Mysterianism Revisited

True Mystery



The view now known as “mysterianism”, associated with Chomsky and me (though with many antecedents), has been called by other names. That label has (or once had) a rather pejorative connotation, as if the people who espoused the view so named were mystics enamored of spooky mysteries inaccessible to science and rationality. That was never the intention of Chomsky or me, as even the most cursory inspection of our writings would reveal. Still, it caught on. But it is worth reminding ourselves of alternative labels for the position. I called the view “transcendental naturalism” in Problems in Philosophy (which should have been titled by its subtitle The Limits of Enquiry, but I gave in to the marketing people at the publisher and made my original subtitle into the title). I also earlier introduced the phrase “cognitive closure”, though this does not easily admit of conversion into a suitable “ism”. Fodor had already spoken of “epistemic boundedness”, which also resists an “ism”. Various other terms suggest themselves: cognitive confinement, bounded cognition, epistemic blindness or blankness, explanatory gappiness, ignorancism, limitationism, epistemic modesty or humility, intellectual black-holism. None of these are very good, mainly for purely linguistic reasons—though they are accurate enough descriptively. I have toyed with neologisms, such as “anti-knowism”. Just as we are used to “realism” and “anti-realism”, so we might get used to “knowism” and “anti-knowism”. Knowism is the doctrine that everything about a certain subject matter can be known; anti-knowism is the view that not everything about a subject matter can be known. Thus we might speak of global and local knowists, and similarly for anti-knowists, depending on how broadly the thesis is taken. And we might also speak of partial and total versions of these doctrines—corresponding to the theses that something can be known about a given subject matter or everything can be known about it; or not known, as the case may be. This terminology has the virtue of linguistic adaptability and descriptive accuracy, as well as brevity and lack of misleading connotations. But it is rather arch and unnatural, and unlikely to catch on.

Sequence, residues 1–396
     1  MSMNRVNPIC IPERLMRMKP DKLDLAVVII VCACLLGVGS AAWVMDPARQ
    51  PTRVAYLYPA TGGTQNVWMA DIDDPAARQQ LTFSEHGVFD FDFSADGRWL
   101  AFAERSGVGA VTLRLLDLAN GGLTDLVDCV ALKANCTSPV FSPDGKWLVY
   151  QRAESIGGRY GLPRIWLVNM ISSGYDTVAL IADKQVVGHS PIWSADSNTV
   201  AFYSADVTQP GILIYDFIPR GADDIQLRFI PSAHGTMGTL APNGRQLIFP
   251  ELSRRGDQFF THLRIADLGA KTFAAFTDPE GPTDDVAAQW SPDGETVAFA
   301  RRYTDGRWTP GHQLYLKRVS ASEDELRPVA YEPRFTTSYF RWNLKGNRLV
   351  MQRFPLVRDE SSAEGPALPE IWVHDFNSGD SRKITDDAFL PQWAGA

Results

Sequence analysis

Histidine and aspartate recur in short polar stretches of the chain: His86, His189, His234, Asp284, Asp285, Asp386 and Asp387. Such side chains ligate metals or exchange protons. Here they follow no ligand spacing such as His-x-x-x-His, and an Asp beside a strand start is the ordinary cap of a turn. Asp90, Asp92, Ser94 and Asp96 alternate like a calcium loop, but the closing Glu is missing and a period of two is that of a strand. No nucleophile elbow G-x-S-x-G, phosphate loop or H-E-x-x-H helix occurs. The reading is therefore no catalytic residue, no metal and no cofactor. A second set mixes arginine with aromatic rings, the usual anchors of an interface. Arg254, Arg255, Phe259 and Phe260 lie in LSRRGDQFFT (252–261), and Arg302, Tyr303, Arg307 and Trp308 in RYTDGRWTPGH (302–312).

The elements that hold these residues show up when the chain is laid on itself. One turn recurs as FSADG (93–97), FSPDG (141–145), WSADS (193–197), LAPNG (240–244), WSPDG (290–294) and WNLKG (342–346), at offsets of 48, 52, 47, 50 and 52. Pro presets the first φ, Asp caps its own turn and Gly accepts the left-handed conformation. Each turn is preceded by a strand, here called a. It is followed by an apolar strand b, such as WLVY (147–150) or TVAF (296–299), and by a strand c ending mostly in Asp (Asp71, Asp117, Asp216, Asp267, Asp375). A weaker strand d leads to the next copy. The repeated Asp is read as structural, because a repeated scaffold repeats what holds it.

On balance I think the best approach is to retain “mysterianism”, keeping its defects in mind, but qualifying it so as to cancel its potential to mislead. Thus I favor “scientific mysterianism”—or “sci-my” if we want something pithier. Variants of this label would be: secular mysterianism, naturalistic mysterianism, tough-minded mysterianism, hard-nosed mysterianism, hard mysterianism, reductive mysterianism, or (my personal favorite) badass mysterianism. The idea is to flag the mysteries as “mysteries of nature”, not “mysteries of the supernatural”. So I propose using these new labels from now on, in the interests of clarity and philosophical ideology.

I shall now list the main tenets of scientific mysterianism (or for informal occasions, badass mysterianism). The aim is not to defend these propositions (they have been defended elsewhere) but merely to summarize the basic outlook in compact form.


  1. Unknowability does not imply non-existence.